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October 17th 2010
Published: October 17th 2010
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I sit gazing out across the hazy shores of Macau from Seb's flat on the 35th floor of the Manhattan Tower (, as the light slowly fades and my weekend here draws to a close. Dawn will bring the true beginning of my adventure, when I leave the comfort of my friend's luxurious abode and set out alone into the wild unknown! My adjournment in Macau has not been uneventful though, so as Seb is on his way to Beijing for a business meeting tomorrow and I'm left to entertain myself for the evening, I thought I'd try my hand at writing the first instalment of this blog and fill you in on the details.

As I sat on the plane to Hong Kong the enormity of what I'm doing had yet to hit me, pre-occupied as I was with watching episodes of 'Ab Fab' from the in-flight entertainment system or attempting find a position that resembled comfort closely enough to allow me to get a little sleep. It was only when the breakfast trays were cleared away and the cabin crew were told to take their seats for landing, when the window blind was pulled back to reveal the Hong Kong shoreline looming out of the shrouding mist, that my stomach turned over, my heart leapt into my throat and my head finally brought my thoughts to focus on the task ahead. This was it, I was landing on the other side of the world, 6000miles from from anything familiar, not just for a week or two on holiday, not even for a month or two of travel. Over the next 12 months I'll be building a life in a place where the culture, history, language and traditions are almost totally unknown to me; the only thing I'm sure of is that this place is very different to home. It's the opportunity of a lifetime and the most exciting thing I've ever done, but I'd be lying if I said I'm not just a little bit terrified at the same time!

Still, this weekend I could get 'broken in' gently, staying with Seb in the considerably Westernised Macau would cushion the culture shock blow. It's been great having him to show me around and give me my first taste of China. Macau is amazing. As I stepped off the ferry, the first thing to hit me was the heat. By the time I arrived it was 6pm and the evening was beginning to cool. The sky was grey and a thick mist hangs everywhere around. The ferry itself was air conditioned and kept at about 2 degrees, so I was lulled into expecting it to be rather chilly and dreary outside. As the doors opened though, a blast of warm humid air hit me and all my clothes clung to me as I made my way up and out through passport control, to collect my bag and finally meet with Seb.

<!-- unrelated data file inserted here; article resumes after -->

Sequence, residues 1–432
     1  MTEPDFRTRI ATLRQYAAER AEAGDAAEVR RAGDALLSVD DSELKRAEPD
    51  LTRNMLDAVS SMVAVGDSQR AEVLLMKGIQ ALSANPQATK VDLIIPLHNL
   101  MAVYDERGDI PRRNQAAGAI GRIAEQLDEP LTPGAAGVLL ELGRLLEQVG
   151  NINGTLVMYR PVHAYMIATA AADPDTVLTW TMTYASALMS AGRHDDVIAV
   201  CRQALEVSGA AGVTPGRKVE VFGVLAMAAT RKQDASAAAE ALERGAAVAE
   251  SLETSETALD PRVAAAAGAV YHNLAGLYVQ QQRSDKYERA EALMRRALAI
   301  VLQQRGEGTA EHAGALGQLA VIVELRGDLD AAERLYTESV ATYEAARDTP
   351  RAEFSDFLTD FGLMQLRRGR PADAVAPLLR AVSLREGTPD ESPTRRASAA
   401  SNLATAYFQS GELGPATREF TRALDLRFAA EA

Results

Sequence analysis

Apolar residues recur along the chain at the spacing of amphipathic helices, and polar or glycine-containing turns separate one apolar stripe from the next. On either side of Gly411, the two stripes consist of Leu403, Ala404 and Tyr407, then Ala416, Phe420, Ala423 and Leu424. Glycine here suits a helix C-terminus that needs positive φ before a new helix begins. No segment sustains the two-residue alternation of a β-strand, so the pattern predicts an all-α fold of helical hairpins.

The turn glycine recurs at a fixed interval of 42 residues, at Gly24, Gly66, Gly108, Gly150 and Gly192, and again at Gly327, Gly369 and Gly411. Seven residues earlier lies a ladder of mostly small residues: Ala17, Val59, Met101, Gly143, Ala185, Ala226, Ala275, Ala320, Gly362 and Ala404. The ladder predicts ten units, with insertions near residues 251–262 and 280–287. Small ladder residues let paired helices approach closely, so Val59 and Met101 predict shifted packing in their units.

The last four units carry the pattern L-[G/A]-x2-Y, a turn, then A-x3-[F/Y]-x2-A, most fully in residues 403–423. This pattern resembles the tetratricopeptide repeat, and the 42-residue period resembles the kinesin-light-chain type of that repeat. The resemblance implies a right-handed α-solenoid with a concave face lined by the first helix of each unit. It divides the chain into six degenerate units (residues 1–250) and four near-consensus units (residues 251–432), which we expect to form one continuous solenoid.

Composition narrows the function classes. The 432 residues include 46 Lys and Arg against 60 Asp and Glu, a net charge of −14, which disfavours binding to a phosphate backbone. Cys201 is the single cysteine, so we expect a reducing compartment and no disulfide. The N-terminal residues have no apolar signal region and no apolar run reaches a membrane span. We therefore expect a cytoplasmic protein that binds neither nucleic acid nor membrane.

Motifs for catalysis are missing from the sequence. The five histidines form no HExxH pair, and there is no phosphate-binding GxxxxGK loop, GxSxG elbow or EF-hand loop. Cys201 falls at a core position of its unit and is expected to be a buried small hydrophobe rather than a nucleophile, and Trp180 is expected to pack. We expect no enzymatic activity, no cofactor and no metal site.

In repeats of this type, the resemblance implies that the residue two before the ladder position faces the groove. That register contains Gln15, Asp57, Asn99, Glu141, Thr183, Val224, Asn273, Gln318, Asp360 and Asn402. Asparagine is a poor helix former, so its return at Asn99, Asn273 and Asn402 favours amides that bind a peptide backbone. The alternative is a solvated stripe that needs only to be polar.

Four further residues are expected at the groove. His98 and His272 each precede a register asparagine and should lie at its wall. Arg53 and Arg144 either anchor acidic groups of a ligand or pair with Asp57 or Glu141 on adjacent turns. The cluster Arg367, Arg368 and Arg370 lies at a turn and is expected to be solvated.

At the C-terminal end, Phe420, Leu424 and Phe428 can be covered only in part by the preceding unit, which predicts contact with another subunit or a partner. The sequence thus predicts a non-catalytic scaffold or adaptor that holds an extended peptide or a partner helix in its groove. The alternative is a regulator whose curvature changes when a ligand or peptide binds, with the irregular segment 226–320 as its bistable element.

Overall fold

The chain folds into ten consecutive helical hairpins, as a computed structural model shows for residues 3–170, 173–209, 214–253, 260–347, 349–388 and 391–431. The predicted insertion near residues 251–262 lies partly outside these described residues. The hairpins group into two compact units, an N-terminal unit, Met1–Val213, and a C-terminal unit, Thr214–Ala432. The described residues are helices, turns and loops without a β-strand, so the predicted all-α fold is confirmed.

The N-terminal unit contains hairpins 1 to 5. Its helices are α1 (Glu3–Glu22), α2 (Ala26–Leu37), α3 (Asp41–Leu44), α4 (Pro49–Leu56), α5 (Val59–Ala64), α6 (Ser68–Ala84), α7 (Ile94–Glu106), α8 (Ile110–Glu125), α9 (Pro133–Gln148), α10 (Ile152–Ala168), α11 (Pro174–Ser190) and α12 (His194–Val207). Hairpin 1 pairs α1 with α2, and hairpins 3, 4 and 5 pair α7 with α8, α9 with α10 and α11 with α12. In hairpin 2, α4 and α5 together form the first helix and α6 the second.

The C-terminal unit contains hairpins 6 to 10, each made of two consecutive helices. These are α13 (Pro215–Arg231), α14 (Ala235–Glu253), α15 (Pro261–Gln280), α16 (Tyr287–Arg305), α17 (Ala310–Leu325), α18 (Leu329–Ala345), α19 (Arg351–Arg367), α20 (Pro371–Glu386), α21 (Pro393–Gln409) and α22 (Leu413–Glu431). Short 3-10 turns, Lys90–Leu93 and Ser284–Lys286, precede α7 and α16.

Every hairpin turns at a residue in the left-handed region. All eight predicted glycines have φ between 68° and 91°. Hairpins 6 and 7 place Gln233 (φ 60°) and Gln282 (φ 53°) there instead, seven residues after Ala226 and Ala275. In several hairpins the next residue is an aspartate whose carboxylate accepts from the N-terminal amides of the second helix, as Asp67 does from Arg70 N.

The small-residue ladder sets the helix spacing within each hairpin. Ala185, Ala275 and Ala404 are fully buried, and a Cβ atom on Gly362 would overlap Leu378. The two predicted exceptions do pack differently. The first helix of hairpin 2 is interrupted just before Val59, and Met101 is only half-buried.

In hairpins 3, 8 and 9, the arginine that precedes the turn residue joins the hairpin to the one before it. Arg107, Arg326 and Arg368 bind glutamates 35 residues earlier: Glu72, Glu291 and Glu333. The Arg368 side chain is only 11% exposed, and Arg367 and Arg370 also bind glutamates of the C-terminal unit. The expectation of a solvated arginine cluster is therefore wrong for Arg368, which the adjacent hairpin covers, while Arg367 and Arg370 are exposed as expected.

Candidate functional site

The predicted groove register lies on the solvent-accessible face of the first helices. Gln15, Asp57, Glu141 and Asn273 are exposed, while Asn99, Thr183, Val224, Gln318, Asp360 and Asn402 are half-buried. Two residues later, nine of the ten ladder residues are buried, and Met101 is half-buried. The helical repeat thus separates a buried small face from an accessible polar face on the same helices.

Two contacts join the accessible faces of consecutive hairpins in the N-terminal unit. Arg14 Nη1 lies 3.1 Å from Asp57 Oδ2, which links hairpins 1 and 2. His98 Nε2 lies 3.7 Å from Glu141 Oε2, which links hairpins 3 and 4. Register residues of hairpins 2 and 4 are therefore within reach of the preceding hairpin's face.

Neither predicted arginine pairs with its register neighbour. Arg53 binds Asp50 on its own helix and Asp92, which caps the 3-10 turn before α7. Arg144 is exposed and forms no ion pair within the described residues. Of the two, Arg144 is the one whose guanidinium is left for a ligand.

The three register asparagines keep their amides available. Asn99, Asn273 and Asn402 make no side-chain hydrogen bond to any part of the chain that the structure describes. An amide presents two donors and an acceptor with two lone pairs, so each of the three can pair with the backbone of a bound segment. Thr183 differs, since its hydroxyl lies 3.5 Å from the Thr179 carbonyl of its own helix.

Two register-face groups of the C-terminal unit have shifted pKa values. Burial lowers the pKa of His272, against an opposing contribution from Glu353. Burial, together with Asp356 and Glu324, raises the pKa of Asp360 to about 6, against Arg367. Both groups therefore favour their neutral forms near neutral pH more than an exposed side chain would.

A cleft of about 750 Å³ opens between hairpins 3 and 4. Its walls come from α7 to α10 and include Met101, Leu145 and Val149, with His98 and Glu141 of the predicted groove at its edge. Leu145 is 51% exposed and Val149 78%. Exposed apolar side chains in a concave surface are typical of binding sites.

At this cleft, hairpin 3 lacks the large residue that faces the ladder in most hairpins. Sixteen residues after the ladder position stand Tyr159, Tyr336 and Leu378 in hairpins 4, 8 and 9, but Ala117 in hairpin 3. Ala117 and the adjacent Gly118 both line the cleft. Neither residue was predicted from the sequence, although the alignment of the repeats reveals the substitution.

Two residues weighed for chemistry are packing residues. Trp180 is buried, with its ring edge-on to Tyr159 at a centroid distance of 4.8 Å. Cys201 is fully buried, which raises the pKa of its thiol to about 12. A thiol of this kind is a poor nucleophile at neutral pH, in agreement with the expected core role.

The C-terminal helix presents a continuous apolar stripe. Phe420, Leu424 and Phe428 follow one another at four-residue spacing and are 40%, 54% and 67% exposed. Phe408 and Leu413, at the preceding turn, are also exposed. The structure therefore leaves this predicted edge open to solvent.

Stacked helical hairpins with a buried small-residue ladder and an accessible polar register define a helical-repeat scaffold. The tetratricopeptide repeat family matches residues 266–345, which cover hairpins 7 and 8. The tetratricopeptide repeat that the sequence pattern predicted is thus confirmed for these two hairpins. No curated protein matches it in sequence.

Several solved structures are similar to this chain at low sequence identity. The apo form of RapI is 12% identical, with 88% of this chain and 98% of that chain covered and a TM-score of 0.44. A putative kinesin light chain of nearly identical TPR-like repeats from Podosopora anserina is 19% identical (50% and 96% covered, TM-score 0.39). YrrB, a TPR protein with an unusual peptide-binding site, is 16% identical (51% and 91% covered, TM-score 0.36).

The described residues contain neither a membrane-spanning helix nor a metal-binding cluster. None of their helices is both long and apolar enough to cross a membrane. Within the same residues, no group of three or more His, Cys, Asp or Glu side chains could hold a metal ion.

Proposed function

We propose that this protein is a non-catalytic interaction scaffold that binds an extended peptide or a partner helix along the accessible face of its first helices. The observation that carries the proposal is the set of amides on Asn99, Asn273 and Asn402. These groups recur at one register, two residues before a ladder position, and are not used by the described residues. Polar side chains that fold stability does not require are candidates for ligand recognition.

We hopped taxi, which was to take us across the bridge from the main peninsular and over to Taipa Island where Seb lives. The drive through town is amazing, everywhere you look there's some grand, towering architecture draped in flashy neon attire! It really is like a mini Las Vegas! Seb's place was no anticlimax either. The Manhattan Tower stands 37 storeys tall and his flat is on the 35th. There are massive windows overlooking the bay, with a fantastic view over to the main peninsular. After a brief lie down, we went for a dip in the pool, to try to wake me up a little before we went out. The pool is outside in a courtyard area on the 6th floor. It is right in the middle of the building, so if you lie back and float, you have an awesome view with the walls of the tower rising 31 storeys up into the night sky! (The night sky here, incidentally, is a faintly glowing orange-blue colour, as opposed to the inky blackness dotted with pin pricks of light that I'm more accustomed to seeing; I haven't been able to see a single star while I've been here)

After my refreshing dip we went out to eat at a casino call The Venetian. The exterior looks like a beautiful old Italian palace (draped in neon, of course). As you walk inside, it is gloriously tacky! The ceilings that rise high above you are painted like that of the Sistine Chapel; every inch of them abound with cherubs and decadent golden gilt. The corridor opens out into an expansive gambling floor, with every game imaginable. In the centre of this, amongst a spaghetti junction of gold and chrome escalators is a small ballroom with a classical orchestra and people waltzing. Of to the right is a smoky jazz joint, with an extensive cocktail list and all around are stores full of designer clothes, perfumes and glittering jewellery. Up the escalators, though, is the real treat. As we emerged at the top, I was surprised to find myself apparently outdoors in a cobbled Venice square, with canals and gondolas to-boot. It took me a few moments to realise what was wrong..the sky here was blue with white fluffy clouds, whereas it was dark when we entered the building! The sky is in fact painted on the ceilings that tower many metres above your head! We sat in this square to eat our dinner, part of which consisted of Chinese dumplings in soup. My attempts to fish these out with chopsticks, not unlike apple-bobbing in grace, met with much laughter!